What also is neat is some of the Boer-War veterans actually rose up in SA to help aid the Germans.



posted on Sep, 26 2011 @ 06:58 PM
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Originally posted by Swing80s
Actually you're right I forgot to mention that. Especially considering my ex auzzie-NZ gf visited and stayed in NZ samoa for awhile. But there were battles in the pacfic, I believe some of WW1's first casualties involved New Zealands who actually died (7 I believe) while attacking a German radio station. There was also the Germans in the solomon islands that eluded capture from the NZ's for a long time, can't remember if they surrendered or not.


You're probably thinking of the Australian invasions of New Guinea & Rabaul - - 6 Aussies were killed in the battle of Bita Paka


What is funny though is that German commander in SW Africa that stayed fighting in Africa through guerilla tactics during the entire war, after all the other German African colonies fell, even using his destroyers turets as artillery positions and nearly got ressuplied via Zeppelin during WW1. He kept fighting after WW1 until a Commonwealth soldier under a banner of truce came to deliver him a letter saying the war was over, Germany lost, and he should go home now lol. I think that was in 1919 so essentially he kept up the fight one more year than he was supposed to haha now that's a die-hard.


A good story....but not true. von Lettow-Vorbeck was notified of the Armistice on 14 November 1918, and surrendered his force on 23 November of that year.


What also is neat is some of the Boer-War veterans actually rose up in SA to help aid the Germans.


The Maritz Rebellion - crushed by 32,000 south African troops, 20,000 of whom were Boer, and commanded by Smuts and Botha - former Boer commanders.



posted on Sep, 26 2011 @ 07:05 PM
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the USA planned on destroying Great Britain?

Maybe in some alternative Universe.. Last I checked back in the early 30's the United states was run by a president who was a centrist and believed in Isolationism... That is coming from the education I paid for and the one That money cannot buy...




Yet who knows, considering in 1936 Germany, got away with murder....

www.time.com... Man of the year.. LOL

who knows maybe your right..



posted on Sep, 26 2011 @ 07:24 PM
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Originally posted by ModernAcademia



Imagine how different the world would be today if that actually happened?

What do you guys think, how would the world be today if this plan actually went into execution?



Well, if the end result was to be the US as a new Superpower, with Europe and Canada's manufacturing infrastructure nonexistent, I'd say the way things worked out arent much different than if they went that way.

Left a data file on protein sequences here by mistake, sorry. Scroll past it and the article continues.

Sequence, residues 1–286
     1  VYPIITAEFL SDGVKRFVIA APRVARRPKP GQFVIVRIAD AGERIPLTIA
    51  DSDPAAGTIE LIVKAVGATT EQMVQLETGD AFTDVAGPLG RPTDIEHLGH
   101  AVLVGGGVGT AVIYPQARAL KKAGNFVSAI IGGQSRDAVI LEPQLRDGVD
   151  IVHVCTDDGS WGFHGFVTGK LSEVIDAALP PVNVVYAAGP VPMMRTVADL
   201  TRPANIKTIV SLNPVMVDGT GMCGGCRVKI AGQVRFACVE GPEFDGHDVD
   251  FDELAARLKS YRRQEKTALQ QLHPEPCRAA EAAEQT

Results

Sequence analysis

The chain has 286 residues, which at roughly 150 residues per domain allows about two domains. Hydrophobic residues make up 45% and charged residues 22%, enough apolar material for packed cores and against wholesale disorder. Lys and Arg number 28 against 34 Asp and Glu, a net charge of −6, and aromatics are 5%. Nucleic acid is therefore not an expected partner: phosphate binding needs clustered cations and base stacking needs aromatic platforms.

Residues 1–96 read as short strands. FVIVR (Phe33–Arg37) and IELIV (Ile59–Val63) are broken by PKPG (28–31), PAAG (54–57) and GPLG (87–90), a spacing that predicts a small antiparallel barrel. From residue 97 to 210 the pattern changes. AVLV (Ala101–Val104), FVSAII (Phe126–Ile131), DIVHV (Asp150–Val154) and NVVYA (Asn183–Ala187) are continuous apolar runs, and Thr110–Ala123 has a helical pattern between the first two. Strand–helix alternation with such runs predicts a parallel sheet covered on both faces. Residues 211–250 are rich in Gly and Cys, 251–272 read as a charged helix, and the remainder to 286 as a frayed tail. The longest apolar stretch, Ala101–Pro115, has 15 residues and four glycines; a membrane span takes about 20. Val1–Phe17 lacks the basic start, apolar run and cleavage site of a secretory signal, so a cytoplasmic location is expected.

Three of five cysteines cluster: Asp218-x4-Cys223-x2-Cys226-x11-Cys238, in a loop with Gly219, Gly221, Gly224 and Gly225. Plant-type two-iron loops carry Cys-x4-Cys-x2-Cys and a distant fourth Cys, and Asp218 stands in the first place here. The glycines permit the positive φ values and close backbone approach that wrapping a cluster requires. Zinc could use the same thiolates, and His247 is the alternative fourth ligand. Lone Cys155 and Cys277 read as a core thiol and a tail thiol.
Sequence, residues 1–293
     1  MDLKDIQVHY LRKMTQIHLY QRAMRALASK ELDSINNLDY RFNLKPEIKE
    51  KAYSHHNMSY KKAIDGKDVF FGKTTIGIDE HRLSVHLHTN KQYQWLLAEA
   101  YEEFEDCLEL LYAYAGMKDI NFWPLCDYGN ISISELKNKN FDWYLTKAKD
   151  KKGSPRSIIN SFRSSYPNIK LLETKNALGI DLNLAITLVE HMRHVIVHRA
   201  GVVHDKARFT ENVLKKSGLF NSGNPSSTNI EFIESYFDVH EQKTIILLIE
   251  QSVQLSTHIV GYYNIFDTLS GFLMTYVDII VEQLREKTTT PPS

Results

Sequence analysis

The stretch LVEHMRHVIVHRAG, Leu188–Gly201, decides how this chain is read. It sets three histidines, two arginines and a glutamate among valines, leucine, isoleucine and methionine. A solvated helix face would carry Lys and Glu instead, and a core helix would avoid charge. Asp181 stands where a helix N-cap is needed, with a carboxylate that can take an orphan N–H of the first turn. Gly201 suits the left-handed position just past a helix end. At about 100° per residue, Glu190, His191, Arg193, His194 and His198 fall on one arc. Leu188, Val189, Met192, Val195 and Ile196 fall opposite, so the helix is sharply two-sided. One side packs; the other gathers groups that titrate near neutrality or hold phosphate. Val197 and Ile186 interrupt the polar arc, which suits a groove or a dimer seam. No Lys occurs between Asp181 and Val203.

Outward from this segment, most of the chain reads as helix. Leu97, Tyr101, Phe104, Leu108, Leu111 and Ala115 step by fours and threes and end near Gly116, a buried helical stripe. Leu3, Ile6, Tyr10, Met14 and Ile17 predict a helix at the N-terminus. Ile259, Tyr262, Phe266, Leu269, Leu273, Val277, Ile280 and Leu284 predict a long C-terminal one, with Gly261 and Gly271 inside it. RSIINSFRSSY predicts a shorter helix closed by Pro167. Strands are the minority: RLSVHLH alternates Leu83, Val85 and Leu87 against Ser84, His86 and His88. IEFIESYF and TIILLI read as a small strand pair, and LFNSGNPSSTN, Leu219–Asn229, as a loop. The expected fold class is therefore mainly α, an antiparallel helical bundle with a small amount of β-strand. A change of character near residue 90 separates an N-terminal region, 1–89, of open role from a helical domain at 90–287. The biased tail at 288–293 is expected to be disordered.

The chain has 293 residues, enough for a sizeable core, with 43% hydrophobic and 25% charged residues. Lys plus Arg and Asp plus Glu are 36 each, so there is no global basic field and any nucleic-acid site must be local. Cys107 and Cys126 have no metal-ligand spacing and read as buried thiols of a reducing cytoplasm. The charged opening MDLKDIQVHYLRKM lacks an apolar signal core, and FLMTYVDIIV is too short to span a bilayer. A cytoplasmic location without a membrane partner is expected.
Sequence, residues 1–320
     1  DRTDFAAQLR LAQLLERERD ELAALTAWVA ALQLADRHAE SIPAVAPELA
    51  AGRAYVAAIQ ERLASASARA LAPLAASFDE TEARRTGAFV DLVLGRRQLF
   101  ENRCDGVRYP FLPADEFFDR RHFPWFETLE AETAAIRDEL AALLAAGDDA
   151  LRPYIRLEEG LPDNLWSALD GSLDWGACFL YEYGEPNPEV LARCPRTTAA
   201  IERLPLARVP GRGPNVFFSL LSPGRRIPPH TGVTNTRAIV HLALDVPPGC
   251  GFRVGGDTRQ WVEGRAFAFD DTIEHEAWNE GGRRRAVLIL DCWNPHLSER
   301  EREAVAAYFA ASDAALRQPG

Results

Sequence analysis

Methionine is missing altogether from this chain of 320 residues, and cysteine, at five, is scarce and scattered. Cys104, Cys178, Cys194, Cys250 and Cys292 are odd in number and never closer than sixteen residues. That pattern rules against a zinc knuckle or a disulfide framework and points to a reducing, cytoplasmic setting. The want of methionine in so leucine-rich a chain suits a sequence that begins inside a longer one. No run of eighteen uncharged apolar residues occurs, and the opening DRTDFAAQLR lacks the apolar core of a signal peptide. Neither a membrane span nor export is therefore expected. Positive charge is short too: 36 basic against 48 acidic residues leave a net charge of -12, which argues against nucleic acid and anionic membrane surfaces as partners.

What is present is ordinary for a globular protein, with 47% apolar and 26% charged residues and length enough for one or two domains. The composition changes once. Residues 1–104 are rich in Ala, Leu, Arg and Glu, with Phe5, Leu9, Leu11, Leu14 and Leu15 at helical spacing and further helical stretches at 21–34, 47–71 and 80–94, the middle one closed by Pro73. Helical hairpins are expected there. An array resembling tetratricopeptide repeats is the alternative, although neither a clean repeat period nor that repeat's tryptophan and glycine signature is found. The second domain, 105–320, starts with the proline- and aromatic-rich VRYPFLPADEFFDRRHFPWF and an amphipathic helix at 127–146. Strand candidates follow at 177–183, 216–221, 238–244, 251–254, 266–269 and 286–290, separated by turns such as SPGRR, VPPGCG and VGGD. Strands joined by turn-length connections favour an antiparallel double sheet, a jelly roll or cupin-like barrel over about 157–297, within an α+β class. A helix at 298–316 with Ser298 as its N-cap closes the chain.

posted on Sep, 26 2011 @ 07:27 PM
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According to the plan, Canadian troops stationed in Pacific Command in Western Canada would immediately be sent to seize Seattle, Washington; When resistance stiffened, the Canadians would retreat to their own borders, destroying bridges and railways to hinder American pursuit. The purpose of the invasion would be to allow time for Canada to prepare its war effort and to receive aid from Britain, or to limit the American invasion before the US government opted to discontinue the incursions.


That doesnt seem like a very good maneuver, as it would justify the american invasion, would it not?





edit on 26-9-2011 by ARealandTrueAmerican because: (no reason given)



posted on Sep, 26 2011 @ 07:32 PM
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Originally posted by peck420

Originally posted by stumason
I will also point out that the Candaians had their own plans too. It just shows that all countries planners will envisage any possible scenario, because you just never know. Better to be prepared and not need it, than to need it and not be prepared.


You can also note that Canada's was a 'defensive' plan...as opposed to the US's 'offensive' plan.

A subtle, but telling difference.


Not exactly.

"Maintaining that the best defense was a good offense, "Buster" Brown planned for rapid deployment of flying columns to occupy Seattle, Great Falls, Minneapolis, and Albany."

Sounds like an offense. A "pre-emptive" action.



posted on Sep, 27 2011 @ 12:49 AM
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I don't get why there are so many wars



posted on Sep, 27 2011 @ 10:56 AM
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The German Schutztruppe (African colonial army) were the last German forces to surrender in World War I and the only one that was never defeated on the battlefield. 17,000 German troops (which only 3,000 were Europeans) held off 250,000 British, French, South African, Indian, Portuguese, and Belgian troops for the entire war. It's a very interesting story and one that isent very well known. Lettow-Vorbeck commanded the German Army in Africa and he was the only German general in World War I to get a victory parade through Berlin in 1919.

The Germans also had colonial troops in Asia (China) and on the Pacific islands.